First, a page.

In my world (albeit a very small one), record stores perform an essential service. But in the interests of crushing COVID-19, we’re on a war footing when it comes to retailers that need to stay closed.
Record stores are among the many businesses that are getting eviscerated by the current economic conditions. What can be done to help them ride out the storm?
There’s a new initiative called “Love Record Stores,” an international campaign that urges fans to go online and share a post tagged with #LoveRecordStores to explain what indie stores mean to them.
This obviously won’t bring enough money through the doors, but it will help some via mail order. And at the very least, it’ll offer moral support. Read more here.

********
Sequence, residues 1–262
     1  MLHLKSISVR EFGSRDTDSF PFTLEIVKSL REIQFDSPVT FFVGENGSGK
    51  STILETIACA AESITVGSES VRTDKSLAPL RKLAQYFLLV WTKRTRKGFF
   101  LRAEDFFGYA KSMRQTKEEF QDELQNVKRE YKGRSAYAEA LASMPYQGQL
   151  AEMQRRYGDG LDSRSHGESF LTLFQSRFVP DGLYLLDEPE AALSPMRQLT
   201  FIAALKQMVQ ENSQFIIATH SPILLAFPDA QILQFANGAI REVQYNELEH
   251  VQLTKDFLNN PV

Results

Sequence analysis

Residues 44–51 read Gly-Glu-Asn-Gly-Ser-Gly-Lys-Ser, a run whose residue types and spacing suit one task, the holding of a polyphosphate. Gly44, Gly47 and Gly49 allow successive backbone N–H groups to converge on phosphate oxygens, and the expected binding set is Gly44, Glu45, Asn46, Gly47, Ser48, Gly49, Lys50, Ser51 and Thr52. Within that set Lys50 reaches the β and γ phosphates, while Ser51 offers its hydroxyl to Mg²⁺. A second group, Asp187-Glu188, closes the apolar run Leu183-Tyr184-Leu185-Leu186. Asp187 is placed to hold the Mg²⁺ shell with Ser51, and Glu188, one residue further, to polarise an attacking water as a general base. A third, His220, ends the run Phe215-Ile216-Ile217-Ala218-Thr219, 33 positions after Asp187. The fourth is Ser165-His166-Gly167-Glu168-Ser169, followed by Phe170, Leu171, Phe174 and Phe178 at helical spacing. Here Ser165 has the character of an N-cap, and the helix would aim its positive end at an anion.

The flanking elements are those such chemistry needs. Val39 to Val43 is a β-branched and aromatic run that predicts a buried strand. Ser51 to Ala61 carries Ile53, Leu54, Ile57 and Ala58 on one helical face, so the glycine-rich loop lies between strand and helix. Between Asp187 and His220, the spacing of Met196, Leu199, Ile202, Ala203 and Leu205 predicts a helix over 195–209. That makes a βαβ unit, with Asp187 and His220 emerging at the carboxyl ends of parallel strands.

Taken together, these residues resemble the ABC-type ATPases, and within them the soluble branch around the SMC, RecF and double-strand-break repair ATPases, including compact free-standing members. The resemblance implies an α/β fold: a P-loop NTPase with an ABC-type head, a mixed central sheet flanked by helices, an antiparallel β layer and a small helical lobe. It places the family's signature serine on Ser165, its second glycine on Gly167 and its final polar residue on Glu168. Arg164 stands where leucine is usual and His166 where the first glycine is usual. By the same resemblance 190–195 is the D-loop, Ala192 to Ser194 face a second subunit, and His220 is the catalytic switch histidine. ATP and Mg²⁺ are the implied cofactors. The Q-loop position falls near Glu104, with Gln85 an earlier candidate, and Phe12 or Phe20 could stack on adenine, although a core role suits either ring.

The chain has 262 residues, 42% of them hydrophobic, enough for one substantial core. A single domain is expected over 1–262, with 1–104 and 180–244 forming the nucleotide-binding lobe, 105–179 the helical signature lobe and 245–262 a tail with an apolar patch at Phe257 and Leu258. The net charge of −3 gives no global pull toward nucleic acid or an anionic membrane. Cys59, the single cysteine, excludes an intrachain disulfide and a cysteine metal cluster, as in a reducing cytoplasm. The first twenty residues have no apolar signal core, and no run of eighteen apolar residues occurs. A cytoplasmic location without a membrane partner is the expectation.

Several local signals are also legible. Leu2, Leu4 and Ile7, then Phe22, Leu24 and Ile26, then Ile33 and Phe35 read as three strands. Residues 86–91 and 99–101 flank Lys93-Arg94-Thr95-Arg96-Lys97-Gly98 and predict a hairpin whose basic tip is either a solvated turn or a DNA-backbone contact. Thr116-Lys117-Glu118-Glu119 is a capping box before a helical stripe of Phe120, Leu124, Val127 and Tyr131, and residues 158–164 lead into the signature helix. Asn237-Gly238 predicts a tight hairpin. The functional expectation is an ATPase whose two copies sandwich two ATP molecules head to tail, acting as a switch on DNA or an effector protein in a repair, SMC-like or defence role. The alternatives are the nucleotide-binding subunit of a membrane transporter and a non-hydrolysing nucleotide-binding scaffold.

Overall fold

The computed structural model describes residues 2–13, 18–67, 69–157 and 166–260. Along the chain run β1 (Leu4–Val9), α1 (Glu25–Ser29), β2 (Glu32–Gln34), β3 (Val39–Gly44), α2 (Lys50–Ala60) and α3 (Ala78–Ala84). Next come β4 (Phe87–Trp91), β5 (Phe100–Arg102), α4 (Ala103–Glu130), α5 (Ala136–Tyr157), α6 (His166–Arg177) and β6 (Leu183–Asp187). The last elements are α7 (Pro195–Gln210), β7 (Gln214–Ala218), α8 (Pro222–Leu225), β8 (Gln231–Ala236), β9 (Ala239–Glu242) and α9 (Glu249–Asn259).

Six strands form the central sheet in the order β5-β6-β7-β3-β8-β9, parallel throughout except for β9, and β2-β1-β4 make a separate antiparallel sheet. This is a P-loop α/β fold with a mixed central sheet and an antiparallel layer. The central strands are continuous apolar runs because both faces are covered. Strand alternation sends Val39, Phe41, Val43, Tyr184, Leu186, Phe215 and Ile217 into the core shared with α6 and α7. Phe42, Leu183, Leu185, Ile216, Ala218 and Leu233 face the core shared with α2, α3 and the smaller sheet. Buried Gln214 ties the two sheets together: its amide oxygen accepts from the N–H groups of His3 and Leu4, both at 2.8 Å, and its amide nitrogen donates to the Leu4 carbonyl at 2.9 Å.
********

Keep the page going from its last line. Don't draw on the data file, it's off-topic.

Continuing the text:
A knock-on effect is the overall decline in physical sales. CDs and vinyl are already running more than 30% behind where things were last year–and 2019 was lousy.
People are starting to ask the question: Can CDs and vinyl survive all this? From Billboard:
“Most music retailers that spoke to Billboard said that they can continue to cover their payroll and rent for weeks — but not months. And if too many physical stores are wiped out, will labels continue to manufacture physical products? ‘That is the great unknown,’ says Dean Tabaac, who runs Alliance Entertainment’s indie distribution arm, AMPED. ‘We are all in new territory.’
Before the weekend of March 21, at least 120 U.S. record stores had closed because of a government mandate or social concern about spreading the virus. Some are selling music online, and a few others are offering curbside pickup.